More TV leads to larger waistlines for kids
TODDLERS’ television viewing habits have a direct impact on their fitness and fatness in later childhood, a study has shown.
Each hour per week of television watched by a two-year-old corresponded to a reduced level of long jump performance by the age of eight to ten, researchers found.
Every extra hour of weekly TV between the ages of two and four also led to an almost 0.5mm increase in waist circumference. For children watching an average 8.82 hours a week, this amounted to a 0.41cm fatter waistline.
Youngsters exposed to more than 18 hours of television a week – almost 15 per cent of those studied – were almost a centimetre wider around the middle by ten years of age.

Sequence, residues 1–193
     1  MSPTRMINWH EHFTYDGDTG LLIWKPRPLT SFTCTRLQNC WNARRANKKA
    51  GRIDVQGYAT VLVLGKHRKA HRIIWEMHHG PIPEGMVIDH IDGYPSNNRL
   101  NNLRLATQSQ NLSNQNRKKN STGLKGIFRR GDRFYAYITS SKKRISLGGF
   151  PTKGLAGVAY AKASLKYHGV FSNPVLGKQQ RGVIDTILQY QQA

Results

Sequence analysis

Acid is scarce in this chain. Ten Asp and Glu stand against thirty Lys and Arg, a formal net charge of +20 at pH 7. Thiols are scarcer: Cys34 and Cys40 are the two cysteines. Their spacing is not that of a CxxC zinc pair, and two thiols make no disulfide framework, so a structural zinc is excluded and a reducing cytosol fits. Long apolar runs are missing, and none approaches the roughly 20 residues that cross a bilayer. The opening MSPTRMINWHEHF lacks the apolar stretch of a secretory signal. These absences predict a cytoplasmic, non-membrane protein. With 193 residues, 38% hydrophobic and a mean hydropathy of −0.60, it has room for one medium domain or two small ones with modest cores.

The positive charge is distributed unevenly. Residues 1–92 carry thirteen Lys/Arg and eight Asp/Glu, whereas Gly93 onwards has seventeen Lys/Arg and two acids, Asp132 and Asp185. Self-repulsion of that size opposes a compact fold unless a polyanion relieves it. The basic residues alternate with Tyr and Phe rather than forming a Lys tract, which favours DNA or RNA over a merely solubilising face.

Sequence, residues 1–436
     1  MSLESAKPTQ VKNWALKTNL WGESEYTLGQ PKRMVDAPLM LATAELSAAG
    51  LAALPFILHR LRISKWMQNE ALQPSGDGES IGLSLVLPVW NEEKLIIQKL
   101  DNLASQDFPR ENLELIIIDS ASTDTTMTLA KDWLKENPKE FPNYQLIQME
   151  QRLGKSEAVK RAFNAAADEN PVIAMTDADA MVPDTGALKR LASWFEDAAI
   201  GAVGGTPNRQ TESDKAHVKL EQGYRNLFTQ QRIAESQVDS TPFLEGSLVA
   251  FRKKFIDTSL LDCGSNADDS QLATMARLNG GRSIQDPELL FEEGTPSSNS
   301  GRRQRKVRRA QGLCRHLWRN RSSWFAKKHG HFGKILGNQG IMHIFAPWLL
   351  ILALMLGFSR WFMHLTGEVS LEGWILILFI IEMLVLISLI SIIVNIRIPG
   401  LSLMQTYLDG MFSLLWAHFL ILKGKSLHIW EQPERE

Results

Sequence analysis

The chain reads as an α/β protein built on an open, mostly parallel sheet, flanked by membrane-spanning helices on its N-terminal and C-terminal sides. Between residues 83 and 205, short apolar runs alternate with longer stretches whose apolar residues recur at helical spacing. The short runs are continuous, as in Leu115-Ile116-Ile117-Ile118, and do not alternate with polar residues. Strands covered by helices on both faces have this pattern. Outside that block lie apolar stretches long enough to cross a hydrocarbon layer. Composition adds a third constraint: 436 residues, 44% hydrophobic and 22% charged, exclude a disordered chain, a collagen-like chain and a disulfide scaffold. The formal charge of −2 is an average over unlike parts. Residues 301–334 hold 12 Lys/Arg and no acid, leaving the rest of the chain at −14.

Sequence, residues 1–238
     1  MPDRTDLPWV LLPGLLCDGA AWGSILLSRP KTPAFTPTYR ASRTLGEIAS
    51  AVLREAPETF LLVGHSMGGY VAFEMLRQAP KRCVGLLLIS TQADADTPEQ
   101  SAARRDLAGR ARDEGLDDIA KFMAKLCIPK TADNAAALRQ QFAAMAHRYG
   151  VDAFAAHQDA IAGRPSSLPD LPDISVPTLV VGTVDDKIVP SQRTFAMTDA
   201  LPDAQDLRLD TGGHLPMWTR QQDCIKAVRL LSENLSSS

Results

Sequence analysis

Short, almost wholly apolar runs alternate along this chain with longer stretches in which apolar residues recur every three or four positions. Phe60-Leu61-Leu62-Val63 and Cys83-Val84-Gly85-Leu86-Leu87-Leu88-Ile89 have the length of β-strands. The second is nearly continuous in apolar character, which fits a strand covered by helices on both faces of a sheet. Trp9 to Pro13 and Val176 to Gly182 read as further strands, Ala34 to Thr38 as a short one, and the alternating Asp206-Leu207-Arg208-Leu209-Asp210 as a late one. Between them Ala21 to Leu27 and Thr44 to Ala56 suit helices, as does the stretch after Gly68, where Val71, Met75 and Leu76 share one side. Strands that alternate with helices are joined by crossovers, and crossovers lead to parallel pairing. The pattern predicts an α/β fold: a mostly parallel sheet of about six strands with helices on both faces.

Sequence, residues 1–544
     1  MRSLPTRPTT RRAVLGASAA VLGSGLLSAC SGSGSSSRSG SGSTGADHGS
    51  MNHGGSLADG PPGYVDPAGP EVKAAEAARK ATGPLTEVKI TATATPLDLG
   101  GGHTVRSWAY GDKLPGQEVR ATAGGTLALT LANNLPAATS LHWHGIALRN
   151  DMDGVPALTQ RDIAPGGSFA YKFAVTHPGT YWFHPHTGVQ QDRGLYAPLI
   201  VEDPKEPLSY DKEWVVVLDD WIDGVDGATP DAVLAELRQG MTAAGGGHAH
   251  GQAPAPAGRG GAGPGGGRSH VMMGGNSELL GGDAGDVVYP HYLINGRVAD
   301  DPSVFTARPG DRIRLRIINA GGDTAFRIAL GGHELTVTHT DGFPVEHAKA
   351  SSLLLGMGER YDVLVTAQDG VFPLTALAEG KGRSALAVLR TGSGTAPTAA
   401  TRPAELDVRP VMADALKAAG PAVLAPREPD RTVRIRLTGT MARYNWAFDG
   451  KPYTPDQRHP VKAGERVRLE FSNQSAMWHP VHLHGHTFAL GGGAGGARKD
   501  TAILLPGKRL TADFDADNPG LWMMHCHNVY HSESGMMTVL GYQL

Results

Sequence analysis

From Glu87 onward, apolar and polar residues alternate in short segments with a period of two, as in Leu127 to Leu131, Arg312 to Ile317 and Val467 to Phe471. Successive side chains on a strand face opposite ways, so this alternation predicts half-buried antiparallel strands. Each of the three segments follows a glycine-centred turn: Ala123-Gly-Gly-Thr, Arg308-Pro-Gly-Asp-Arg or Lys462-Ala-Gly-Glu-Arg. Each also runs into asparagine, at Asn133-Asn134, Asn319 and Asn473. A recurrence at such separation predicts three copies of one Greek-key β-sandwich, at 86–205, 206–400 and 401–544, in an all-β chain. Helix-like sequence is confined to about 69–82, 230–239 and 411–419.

Lead researcher Dr Linda Pagani, from the University of Montreal, said: “The bottom line is that watching too much television – beyond recommended amounts – is not good. These findings support clinical suspicions that more screen time in general contributes to the rise in excess weight in our population.”
The study is reported online in the International Journal of Behavioural Nutrition and Physical Activity.
Physical fitness was measured by means of a standard long jump test, which provides a good indication of overall athletic ability. Sports such as football, skating and basketball all require “explosive leg strength” which can be assessed by long jump performance.
The scientists found that each weekly hour of television at two years of age was associated with a reduced jump distance of about a third of a centimetre by the fourth grade.
Dr Pagani said that across the Western world, both children and adults had experienced “dramatic increases in unhealthy weight” in recent decades.”
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